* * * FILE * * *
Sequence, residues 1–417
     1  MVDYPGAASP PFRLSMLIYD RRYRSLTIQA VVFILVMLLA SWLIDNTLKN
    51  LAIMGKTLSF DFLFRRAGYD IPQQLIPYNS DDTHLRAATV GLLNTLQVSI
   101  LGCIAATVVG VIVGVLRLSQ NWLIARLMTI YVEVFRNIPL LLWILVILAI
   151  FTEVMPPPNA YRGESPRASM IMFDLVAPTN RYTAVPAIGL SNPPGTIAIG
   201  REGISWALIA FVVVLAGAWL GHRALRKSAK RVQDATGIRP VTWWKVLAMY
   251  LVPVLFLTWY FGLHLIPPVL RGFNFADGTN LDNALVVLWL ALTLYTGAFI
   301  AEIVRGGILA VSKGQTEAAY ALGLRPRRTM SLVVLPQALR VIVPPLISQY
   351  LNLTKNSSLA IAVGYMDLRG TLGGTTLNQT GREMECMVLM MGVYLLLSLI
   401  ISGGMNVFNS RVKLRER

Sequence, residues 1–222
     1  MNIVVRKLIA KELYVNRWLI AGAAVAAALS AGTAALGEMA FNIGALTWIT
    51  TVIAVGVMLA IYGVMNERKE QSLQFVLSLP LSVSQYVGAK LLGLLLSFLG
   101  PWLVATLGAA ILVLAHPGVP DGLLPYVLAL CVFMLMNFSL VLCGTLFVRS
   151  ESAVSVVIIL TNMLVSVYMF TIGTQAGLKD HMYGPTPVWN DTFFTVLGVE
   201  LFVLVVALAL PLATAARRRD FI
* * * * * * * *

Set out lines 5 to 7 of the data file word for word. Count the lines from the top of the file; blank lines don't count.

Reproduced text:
   151  FTEVMPPPNA YRGESPRASM IMFDLVAPTN RYTAVPAIGL SNPPGTIAIG
   201  REGISWALIA FVVVLAGAWL GHRALRKSAK RVQDATGIRP VTWWKVLAMY
   251  LVPVLFLTWY FGLHLIPPVL RGFNFADGTN LDNALVVLWL ALTLYTGAFI